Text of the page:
At least four women won spots in local office following a historic election in Saudi Arabia.
"We have been waiting to be given this opportunity for the past 10 years to be able to participate in the political and social decision-making of the country," said Fawzia al-Harbi, a candidate for municipal council election.
The elections marked the first time Saudi women could vote and run for office. There were 978 women running for municipal seats, compared to 5,938 men.
Female candidates weren't allowed to give public speeches in the same way as their male counterparts. Women were also segregated during voting. Overall turnout was about 25 percent, and 130,000 women were registered to vote.
"There are limitations not being able to meet with the public, so I decided to go to the shopping centers so I can be with the community," another candidate said.
Still, in a country where women's actions are often dictated by men, the decision to allow women to vote has been hailed by many.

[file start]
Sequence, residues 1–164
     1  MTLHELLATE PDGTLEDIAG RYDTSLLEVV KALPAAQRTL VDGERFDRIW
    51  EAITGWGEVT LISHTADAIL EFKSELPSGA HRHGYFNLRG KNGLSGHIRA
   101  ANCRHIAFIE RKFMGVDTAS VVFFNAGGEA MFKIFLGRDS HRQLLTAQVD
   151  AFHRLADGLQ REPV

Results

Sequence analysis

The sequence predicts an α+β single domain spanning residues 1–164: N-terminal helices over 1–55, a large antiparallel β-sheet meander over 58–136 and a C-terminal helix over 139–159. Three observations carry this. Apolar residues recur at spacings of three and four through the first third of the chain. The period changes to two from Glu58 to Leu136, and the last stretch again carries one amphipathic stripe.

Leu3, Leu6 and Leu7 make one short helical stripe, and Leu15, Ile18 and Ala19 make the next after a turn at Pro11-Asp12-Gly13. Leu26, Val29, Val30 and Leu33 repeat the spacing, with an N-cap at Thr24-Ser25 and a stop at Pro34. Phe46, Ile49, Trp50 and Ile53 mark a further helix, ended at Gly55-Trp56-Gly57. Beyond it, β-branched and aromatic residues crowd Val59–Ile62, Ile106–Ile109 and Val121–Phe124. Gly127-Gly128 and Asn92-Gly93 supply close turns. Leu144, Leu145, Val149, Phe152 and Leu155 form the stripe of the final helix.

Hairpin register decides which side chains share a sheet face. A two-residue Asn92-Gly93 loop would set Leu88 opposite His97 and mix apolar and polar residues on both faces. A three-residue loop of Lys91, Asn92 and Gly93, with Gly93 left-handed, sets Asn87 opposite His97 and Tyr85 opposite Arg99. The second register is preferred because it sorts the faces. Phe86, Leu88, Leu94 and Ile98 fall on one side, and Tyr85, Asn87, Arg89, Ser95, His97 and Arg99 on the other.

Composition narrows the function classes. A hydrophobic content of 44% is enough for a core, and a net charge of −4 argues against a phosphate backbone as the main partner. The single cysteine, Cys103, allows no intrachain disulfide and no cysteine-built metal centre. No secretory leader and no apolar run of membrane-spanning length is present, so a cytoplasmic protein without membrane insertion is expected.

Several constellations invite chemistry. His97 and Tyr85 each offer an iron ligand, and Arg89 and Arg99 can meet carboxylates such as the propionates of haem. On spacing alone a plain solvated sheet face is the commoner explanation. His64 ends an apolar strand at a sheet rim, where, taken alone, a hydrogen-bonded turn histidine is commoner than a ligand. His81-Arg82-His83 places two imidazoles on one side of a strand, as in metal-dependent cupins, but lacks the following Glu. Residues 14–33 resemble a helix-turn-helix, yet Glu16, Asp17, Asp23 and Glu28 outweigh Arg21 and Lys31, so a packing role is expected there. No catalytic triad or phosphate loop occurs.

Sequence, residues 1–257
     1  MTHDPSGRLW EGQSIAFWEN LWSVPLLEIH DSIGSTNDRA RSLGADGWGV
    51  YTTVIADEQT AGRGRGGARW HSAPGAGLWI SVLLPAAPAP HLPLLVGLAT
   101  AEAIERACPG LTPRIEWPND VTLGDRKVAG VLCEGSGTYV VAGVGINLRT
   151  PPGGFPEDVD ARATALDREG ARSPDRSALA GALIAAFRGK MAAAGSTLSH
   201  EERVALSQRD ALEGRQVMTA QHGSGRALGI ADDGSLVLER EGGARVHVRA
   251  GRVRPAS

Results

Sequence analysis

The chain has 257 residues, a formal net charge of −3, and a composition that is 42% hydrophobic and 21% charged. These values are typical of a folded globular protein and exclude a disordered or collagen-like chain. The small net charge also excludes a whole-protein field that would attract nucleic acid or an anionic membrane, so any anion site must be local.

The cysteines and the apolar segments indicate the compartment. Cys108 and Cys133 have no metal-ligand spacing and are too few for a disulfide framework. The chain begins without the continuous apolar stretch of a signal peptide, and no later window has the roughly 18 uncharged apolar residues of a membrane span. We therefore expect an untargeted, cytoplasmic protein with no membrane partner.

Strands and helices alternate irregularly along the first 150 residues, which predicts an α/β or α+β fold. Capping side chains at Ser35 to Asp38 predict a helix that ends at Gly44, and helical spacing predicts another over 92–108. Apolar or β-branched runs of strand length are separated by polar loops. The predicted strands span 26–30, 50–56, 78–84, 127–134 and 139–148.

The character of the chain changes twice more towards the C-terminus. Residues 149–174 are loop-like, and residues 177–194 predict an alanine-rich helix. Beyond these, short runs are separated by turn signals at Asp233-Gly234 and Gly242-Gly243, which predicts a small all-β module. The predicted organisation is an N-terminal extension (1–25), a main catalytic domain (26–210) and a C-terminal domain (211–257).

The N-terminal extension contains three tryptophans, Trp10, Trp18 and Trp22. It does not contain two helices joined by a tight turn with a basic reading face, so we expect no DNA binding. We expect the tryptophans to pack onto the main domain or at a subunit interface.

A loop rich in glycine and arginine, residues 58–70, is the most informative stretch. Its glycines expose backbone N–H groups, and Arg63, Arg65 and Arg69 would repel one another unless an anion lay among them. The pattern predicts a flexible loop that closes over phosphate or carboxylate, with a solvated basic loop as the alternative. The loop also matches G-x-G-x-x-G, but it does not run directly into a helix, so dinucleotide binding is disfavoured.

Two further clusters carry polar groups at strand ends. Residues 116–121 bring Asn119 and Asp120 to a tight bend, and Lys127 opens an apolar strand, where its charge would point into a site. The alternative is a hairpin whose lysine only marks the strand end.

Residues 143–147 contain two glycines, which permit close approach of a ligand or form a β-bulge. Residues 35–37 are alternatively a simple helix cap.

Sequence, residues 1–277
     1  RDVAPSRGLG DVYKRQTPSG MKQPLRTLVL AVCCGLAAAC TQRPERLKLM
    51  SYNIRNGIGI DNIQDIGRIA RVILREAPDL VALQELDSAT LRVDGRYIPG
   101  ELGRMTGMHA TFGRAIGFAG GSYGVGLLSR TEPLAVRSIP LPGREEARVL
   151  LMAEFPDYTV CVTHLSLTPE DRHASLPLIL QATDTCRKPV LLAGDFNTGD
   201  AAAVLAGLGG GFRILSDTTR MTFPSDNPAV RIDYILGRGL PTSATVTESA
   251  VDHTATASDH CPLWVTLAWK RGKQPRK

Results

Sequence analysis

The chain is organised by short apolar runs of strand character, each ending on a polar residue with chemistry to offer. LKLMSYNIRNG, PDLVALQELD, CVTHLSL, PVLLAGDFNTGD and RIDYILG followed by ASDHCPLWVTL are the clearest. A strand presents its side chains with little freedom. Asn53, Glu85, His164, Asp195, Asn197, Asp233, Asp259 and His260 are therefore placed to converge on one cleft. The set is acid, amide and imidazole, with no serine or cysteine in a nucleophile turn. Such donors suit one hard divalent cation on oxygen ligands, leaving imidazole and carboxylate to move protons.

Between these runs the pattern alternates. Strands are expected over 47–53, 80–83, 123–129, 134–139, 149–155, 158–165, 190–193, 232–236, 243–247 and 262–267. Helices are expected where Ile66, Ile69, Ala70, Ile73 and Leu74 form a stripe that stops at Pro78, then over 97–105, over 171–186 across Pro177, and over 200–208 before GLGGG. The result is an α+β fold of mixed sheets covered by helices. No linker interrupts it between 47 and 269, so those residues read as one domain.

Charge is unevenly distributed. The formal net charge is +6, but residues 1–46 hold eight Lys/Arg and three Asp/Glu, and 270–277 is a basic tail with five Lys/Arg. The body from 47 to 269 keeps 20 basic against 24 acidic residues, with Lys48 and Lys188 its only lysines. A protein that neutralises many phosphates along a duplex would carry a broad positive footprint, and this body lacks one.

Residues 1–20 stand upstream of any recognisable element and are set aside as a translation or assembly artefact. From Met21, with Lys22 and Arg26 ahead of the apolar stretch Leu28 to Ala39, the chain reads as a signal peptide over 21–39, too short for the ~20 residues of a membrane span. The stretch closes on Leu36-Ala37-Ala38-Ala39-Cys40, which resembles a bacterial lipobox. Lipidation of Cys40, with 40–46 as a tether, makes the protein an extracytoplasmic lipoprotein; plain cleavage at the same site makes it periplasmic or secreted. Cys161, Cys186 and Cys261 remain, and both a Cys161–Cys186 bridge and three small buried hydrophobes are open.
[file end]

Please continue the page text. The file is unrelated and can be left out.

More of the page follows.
"Change is a big word," one voter said, "but the election is the way to make sure we are represented."
King Abdullah proposed reforms to the country’s election process in 2011, and officially added women to a top consultative assembly shortly before he died this year. His legacy is seen as a driving force for elections today.
The new election rules took effect in what is only the country's third election ever, but it was not welcomed by all.
"If we allow her to get out of her house and do such business, who's going to take care of my sons?" one voter asked.
This video includes images from Getty Images.